MicroRover

To date, this is my most successful design. It is powered by an Atmel 8535, which means you can write fairly complex applications (8Kb flash). It has 4 tactical sensors, two eyes based on LDR resistors placed in a tube to have directional sensory, one RC5 Ir diode to be able to command the robot using a standard remote control unit and expansion bus on the top of the vehicle (Wireless module has been build).

Introduction

This small robot measures 75x38x50 mm, and is powered by two geared DC motors. Four NiMH cells, delivering 120mAh at 1.2 V each provide enough power for approximately 1 hour autonomy. The brains of the robot are made up of a AT90LS8535 running at 4MHz in a TQFP package. The motors are driven by a 74AC244, an octal buffer/line driver which I used to make 2 H-bridges.

The robot has 8 sensors; 4 touch sensors on each corner, two directional LDR light sensors, one IR sensor (TSOP1736, RC5 type) and one proprioceptive sensor indicating battery status. This sensor package seems to be enough to provide for rather intelligent behavior.

The robot has a tank like locomotion. I’ve grown fond of this type of locomotion as it provides traction on all wheels. Also, I really enjoy the skid steering.

The robot has 4 connectors; one to charge the batteries, another one to program the robot, a serial connector and one expansion bus, exposing 8 data lines, from which 4 our ADC capable. I’ve build a wireless module to put on top of the robot. More on that will follow, sufficient to say now that it uses a BIM2 transceiver from radiometrix. I’ve experienced some troubles getting the PCB ready for the PC host adapter, as I had to redo the PCB for a few times to get it right. Hence, I put the wireless module on a lower priority.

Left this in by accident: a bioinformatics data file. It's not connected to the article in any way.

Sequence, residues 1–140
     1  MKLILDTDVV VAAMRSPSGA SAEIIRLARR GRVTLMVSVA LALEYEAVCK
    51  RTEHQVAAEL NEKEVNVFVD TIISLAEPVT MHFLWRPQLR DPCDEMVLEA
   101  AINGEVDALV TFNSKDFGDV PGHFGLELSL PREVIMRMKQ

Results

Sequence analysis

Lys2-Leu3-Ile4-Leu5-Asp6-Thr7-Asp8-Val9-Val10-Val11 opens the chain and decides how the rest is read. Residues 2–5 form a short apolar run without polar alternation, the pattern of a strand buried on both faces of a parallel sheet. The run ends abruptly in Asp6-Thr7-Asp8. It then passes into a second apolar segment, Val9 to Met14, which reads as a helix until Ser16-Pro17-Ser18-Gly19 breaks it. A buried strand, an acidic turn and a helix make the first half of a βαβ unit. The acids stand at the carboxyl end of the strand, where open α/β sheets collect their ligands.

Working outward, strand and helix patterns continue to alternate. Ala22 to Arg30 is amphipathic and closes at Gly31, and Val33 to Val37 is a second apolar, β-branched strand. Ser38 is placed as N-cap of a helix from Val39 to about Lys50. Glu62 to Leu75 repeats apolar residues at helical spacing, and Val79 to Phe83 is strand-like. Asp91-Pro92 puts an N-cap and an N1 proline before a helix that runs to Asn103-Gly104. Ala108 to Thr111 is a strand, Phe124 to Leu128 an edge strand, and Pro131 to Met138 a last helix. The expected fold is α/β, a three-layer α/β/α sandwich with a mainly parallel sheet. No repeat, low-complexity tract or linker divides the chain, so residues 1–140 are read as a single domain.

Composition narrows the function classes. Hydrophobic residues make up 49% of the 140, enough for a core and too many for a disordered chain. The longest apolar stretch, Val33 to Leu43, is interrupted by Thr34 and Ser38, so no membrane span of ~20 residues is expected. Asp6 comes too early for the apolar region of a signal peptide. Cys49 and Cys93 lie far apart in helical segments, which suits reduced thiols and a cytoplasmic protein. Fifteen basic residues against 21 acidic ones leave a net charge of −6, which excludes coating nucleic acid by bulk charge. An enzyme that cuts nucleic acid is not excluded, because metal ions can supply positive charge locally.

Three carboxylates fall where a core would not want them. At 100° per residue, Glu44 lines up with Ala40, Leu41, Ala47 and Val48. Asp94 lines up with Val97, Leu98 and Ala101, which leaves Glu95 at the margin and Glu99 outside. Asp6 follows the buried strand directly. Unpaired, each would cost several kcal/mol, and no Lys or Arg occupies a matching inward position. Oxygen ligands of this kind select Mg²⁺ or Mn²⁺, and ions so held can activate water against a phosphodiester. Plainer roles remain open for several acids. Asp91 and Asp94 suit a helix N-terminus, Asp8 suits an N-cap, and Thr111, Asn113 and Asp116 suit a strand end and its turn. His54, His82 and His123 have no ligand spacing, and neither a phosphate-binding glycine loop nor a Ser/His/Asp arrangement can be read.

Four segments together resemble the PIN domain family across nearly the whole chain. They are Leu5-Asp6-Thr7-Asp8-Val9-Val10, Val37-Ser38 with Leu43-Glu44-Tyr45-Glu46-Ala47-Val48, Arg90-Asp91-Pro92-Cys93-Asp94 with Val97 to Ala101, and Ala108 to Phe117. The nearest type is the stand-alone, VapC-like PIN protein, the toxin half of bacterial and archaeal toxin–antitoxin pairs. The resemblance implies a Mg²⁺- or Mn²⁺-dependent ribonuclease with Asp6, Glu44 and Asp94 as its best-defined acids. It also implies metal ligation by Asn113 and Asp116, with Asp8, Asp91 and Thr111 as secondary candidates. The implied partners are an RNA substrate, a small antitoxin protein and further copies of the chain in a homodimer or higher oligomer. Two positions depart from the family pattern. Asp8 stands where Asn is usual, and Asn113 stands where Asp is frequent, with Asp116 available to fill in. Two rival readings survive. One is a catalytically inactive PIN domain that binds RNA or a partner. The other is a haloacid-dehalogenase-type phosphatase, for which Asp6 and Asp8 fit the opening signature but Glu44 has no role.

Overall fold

Schematic

Sample code

The next code is a small BASCOM program that can drive the MicroRover. It is a simple subsumption architecture, using 3 behaviors; photofobic, wandering and react to touch.

Micro Rover example code

The most primitive behavior is reaction to touch, this behavior can subsume over all other tasks. Most of the time, the robot is in a photofobic state, it will wander of to a dark place by constantly steering in the most dark direction. Light values are measured by an ADC channel on the AVR MPU. Whenever the robot reads the light intensity on its two eyes, it’ll power the LDRs for a short time and – enough time for the ADC to setlle – and then read out the intensities (lines 149-155). This intermittent powering of the LDRs prevent battery drain. When the light intensities falls below a certain threshold, the robot will sit happy until light levels are up again.

Whenever an object hits one of the touch sensors, the robot will try to turn away from the obstacle by reversing its direction and turning towards the opposite site of the touched sensor. If both front or aft sensors are touched, the robot just reverses direction, no turn takes place (lines 250-302).

After a random time, the rover wants to wander around. This wandering behavior has priority over its photofobic state, but lower priority than the touch behavior. When in wandering state, the robot is attracted to light. It will run of as fast as it can to brightest spot it can detect. The time that the robot wanders around is determined by another random number. I’ve found that this wandering state is very usefull for the robot to roam the complete room. If the wandering behavior would not be included, the robot would simply drive to a dark spot and sit there until light intensities are high enough to get it moving again. With the wandering behavior, though, the robot can sit idle on a dark spot, come to life again and run straight into the light. When the wandering behavior shuts down, the robot gets a panic attack and hurries to the nearest dark spot it can find (lines 337-374).

Lines 171 to 190 implement code to steer the robot via a TV remote control. The remote control can steer the robot in all 4 directions. Moreover, it can let the robot dump its internal state to its serial port. This can come in handy when debugging.

Although the battery level is already measured (lines 157-161) , by comparing a constant voltage drop over 3 diodes against the battery voltage, nothing is done with it. The idea is to have a small hardware extension on the robot that allows it to charge automatically. This extension can be made of just two wires that can connect to a docking station, composed of two metal plates. The idea is to let the robot navigate to a charging station as soon as battery levels drop below a certain treshhold. Moreover, the idea is to use the LDRs to navigate to the charging station. A LED, pulsating at a low enough frequency can be easily detected by the LDRs. The LED would indicate the position of the charging station.

Video of Micro Rover